‘People have been interested in using the voice to make diagnoses for a long time,’ he says. ‘Since the 1970s, research has identified that people can reasonably well identify how old someone is from hearing them speak. It’s where this type of research started.’
A 2016 study at Nottingham Trent University found that most people can decode clues about others’ health, height and age — all from listening to their voices. Researchers said voice analysis may be an evolutionary trait to help us choose a suitable mate.
The voice may even give clues to a woman’s fertility, according to a 2019 study at James Madison University in Virginia, published in Evolutionary Psychology.
It recorded women counting from one to ten once a week for four weeks, and played them to male volunteers. The voice of a woman at peak fertility was perceived to be so sexy that the sound of her merely counting out numbers caused male listeners’ testosterone levels to rise.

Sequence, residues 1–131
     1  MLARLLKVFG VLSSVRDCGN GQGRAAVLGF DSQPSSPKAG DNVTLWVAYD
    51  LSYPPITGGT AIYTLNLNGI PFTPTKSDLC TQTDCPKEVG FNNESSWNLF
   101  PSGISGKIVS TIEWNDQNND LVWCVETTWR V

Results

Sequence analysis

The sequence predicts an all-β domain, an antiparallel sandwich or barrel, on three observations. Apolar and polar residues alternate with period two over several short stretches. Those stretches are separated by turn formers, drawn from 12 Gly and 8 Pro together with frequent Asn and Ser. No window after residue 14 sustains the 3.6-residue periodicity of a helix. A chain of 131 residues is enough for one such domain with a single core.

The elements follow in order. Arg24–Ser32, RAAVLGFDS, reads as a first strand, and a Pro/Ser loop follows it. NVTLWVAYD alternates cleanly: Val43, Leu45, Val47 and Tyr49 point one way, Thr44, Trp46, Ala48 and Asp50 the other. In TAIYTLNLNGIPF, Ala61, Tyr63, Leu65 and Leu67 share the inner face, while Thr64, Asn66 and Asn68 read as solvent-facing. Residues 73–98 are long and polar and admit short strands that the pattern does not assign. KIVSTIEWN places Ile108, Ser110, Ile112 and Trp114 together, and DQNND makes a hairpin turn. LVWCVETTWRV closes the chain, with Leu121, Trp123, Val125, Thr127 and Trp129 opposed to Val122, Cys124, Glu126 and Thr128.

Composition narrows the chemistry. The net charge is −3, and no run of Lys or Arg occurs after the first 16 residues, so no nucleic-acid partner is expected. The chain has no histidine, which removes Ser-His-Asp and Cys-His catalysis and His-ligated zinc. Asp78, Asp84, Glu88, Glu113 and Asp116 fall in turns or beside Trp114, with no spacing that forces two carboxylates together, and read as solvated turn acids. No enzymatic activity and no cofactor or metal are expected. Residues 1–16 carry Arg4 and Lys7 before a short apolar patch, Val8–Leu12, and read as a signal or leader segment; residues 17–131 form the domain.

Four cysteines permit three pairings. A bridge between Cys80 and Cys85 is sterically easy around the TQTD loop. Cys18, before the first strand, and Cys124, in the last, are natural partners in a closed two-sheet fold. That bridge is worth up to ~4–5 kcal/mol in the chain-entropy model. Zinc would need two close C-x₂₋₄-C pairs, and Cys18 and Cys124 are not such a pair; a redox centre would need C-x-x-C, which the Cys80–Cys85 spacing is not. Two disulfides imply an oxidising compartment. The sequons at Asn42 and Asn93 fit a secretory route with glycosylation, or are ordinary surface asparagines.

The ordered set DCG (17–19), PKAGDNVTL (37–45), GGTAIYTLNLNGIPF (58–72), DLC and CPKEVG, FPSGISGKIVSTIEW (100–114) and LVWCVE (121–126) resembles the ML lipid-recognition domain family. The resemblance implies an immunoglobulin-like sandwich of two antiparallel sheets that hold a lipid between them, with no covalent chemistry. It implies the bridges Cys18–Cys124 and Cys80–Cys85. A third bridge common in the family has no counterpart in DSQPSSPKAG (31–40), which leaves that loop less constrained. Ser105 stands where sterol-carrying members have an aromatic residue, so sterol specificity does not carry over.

Dr Melanie Shoup-Knox, a psychologist who led the study, says there may be a physical explanation for subtle fertility-related changes in female speech.
‘The larynx is particularly sensitive to sex hormones,’ she says. ‘These may promote or obstruct vocal clarity, depending on the level of hormones.’
Speaking clearly may also make a woman more attractive, according to scientists from the University of California, Irvine and the University of Utah, who found that men rated women’s voices as 73 per cent more attractive if they enunciated with a high degree of intelligibility.
But this only works with women, says Dr Daniel Stehr, a psychologist who co-authored the study. Men, he says, can get away with mumbling, and poor diction may even make them sound more attractively masculine.